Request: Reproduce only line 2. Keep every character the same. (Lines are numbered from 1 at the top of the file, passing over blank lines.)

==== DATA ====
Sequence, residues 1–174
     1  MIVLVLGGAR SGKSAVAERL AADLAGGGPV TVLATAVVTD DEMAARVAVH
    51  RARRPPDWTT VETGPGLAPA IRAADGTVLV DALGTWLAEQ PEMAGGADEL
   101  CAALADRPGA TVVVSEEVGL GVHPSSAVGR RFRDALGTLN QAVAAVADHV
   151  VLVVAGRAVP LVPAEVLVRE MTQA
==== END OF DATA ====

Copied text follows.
     1  MIVLVLGGAR SGKSAVAERL AADLAGGGPV TVLATAVVTD DEMAARVAVH